The project flyer is being designed and advertising to students will begin in late November through the end of the year. To give you a feeling of the project, here is a rough schedule as to the project activities:

1. November – Create flyer and start advertising
2. December – Sign up and order kit
3. January – start meetings, which are 2x/month at NEST
4. Late Feb/March – start assembly of the kit
5. March/April – flight planning and launch prep
6. May – tethered test prior to launch to ensure all systems are go
7. Late may – launch (likely from central or western MA)
8. June – data analysis and write report

The idea is not only to learn and have fun, but also to analyze the results and decide how the next flight should be done. For instance, radiation devices could be used or, perhaps, amateur live streaming of the flight and balloon burst could be added to future flights.

How you can help

I’d like to ask for your support in two ways. First, if there is anyone who would like to be involved in the meetings to learn, build, and assemble this platform, please let me know what you’d like to do. Second, I’d be grateful for any private donations of any amount or any general support of WARS. I know there are lots of worthy causes for your charity contributions, and I hope you can see the value of this STEM project for youth learning about ham radio and be able to offer some support – THANK YOU!

New England Sci-Tech, Blue Hill Meteorological Observatory Collaboration Underway

Bob Phinney, K5TEC, writes in the New England Sci-Tech Amateur Radio Society (STARS) newsletter:

The NESciTech (NEST) collaboration with Blue Hill Meteorological Observatory and Science Center (BHO) is now fully underway. A crew of eight volunteers arrived on November 9, 2019 at Blue Hill to install the antennas and repeaters for the new Blue Hill radio club that the BHO science center is starting with the help of Bob and Rusty at NESciTech.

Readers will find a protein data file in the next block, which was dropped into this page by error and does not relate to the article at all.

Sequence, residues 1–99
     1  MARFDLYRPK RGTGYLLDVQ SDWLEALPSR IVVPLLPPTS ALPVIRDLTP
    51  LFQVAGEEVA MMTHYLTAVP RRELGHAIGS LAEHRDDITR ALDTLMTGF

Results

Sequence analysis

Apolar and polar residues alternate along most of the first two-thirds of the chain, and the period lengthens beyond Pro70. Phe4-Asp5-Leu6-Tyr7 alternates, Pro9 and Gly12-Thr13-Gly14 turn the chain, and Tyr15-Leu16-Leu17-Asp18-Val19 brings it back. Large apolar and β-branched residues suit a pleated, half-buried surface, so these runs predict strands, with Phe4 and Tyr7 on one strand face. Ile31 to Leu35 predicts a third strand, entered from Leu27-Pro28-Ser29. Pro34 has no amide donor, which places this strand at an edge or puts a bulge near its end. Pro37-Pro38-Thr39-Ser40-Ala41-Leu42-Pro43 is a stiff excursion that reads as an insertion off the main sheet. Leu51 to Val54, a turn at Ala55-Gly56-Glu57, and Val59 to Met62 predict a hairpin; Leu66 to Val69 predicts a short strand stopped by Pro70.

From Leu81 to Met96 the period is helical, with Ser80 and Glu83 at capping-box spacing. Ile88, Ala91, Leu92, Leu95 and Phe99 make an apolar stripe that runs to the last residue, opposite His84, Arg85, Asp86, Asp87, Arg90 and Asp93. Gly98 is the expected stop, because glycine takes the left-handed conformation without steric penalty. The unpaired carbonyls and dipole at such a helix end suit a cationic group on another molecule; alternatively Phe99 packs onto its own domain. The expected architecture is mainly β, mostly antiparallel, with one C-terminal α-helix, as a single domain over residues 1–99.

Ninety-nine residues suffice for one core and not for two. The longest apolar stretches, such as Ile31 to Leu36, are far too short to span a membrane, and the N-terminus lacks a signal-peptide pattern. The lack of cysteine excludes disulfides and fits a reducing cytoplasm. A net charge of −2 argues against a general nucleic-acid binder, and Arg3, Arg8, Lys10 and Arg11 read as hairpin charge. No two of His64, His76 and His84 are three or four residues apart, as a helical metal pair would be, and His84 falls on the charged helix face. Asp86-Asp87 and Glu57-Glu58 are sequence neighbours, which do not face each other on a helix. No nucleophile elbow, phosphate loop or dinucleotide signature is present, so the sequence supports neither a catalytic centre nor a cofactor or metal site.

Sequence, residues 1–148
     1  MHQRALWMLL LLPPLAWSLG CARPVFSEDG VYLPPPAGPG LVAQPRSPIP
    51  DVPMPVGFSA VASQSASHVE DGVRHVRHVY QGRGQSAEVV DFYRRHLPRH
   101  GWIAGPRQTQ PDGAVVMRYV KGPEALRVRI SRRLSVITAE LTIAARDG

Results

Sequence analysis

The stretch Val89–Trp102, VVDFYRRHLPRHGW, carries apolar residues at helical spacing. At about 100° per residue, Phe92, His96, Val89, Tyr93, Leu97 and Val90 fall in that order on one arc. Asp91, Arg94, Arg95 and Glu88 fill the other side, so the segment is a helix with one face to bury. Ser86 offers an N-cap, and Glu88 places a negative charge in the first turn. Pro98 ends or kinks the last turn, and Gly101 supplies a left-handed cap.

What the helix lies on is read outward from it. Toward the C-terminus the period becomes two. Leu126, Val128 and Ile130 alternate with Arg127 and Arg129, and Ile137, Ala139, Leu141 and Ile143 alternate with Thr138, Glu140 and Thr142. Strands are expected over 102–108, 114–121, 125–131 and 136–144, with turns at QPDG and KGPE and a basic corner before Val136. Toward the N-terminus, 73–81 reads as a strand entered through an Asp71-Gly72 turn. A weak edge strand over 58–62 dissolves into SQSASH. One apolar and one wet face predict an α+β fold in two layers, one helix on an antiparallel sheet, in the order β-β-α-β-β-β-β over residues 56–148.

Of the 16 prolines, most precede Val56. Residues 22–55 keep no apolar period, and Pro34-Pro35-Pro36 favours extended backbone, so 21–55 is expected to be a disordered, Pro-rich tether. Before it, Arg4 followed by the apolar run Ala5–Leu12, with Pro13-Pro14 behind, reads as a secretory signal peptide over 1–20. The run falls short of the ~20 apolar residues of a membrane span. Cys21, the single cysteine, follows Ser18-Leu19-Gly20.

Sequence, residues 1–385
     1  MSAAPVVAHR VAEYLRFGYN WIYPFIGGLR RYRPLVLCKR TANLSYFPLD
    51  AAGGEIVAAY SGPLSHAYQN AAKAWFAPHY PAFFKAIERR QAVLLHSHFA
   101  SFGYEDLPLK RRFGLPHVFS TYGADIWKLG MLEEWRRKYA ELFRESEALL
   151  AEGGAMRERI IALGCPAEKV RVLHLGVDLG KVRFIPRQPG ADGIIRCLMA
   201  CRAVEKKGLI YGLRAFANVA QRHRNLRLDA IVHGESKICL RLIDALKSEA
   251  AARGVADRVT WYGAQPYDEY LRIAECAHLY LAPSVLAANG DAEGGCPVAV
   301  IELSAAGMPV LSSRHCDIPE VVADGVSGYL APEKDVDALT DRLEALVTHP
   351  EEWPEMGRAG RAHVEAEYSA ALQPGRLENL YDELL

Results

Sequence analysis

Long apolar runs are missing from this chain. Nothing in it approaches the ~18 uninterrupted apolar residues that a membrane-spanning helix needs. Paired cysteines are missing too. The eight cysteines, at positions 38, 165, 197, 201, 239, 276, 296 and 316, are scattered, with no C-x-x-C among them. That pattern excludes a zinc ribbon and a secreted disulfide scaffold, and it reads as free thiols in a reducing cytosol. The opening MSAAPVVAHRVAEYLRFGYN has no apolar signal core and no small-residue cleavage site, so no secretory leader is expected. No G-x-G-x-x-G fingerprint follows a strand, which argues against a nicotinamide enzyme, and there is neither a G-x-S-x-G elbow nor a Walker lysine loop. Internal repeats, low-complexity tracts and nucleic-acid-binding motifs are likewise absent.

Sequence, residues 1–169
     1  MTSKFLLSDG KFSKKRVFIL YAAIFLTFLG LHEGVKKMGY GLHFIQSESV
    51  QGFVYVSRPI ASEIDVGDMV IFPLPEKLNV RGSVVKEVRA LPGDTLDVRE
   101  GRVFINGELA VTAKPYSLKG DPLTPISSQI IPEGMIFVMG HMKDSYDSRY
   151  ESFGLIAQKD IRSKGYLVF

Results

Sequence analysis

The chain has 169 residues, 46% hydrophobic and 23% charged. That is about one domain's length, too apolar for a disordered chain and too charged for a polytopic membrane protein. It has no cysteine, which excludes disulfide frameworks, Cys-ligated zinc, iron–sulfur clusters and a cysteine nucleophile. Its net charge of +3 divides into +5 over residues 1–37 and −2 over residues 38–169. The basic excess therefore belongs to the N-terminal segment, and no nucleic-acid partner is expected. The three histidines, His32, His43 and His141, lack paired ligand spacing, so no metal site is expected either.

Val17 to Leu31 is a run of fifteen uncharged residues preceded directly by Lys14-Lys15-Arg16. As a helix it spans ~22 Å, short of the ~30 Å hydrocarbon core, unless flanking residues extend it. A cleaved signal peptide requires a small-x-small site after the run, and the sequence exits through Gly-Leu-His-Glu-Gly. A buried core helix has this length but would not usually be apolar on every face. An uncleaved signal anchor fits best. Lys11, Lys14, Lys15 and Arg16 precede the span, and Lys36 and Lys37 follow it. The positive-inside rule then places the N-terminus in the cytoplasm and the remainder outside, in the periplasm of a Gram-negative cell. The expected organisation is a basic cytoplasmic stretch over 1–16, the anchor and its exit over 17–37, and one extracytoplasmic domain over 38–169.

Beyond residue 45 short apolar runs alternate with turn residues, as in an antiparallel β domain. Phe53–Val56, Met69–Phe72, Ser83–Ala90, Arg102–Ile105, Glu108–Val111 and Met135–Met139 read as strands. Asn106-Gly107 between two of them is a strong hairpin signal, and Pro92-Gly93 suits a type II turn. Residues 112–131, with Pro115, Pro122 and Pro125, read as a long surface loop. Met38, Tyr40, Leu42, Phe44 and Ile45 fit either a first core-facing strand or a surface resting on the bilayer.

Thank you Ted for doing much of the tower work, Bob D. for doing most of the repeater configurations and antenna setup, Jeremy for high quality cable connector terminations, and everyone for all your help running coax, hauling equipment, and supporting Blue Hill’s educational mission and STEM collaboration.

The Blue Hill repeaters will link back to the STARS repeater at NEST in Natick, so talking on one opens all of them. Burlington is by itself for now. Repeaters are open to use by all hams, and shared by Blue Hill Science Center and STARS. Please send any propagation reports to

Photo, left to right: Bob DeMattia, K1IW; Ted Reimann, W1OG; Jeremy Breef-Pilz, KB1REQ; Alex Dills, KB1SSN; Bruce Pigott, KC1US (kneeling), science center director Don McCasland, Eoghan Bacon, K2VUD; and Bob Phinney, K5TEC. Photographer, not in photo, Rusty Moore, K1FVK.

PART of Westford Kit Building with DrDuino

PART of Westford logoAndy Stewart, KB1OIQ, writes in the PART of Westford PARTicles newsletter, November, 2019:

The PART kit building team is Andy, KB1OIQ; Steve, W1KBE; and Allison, KB1GMX. We recently received a very generous donation from an anonymous member of ten (10) DrDuino kits. You may remember reading about this kit in a recent issue of QST.

The PART kit building activity got started in KB1OIQ’s basement classroom on November 7th, 2019. There were five (5) kit builders: George, K1IG; Rakesh, KC1HTB; Niece, KA1ULN; Rich, AB1HD; and Scott, KB1WMH. The first session was spent soldering together the kit. The next two sessions will be Arduino programming lessons taught by Andy (KB1OIQ). The attendees will learn how to program switches, LEDs, potentiometers, a speaker, an ultrasonic distance measuring device, and those very colorful (and BRIGHT) LED strips. If there is time, we may also make a simple CW practice oscillator and a binary counter displayed on the LEDs.

There will be a future kit building activity using the four (4) remaining DrDuino kits (I built one). Additionally, this training will be a great prerequisite for the DDS VFO kit that we’ll unleash during a future session.

All things considered; the first session went really well. I’m really looking forward to the next two sessions!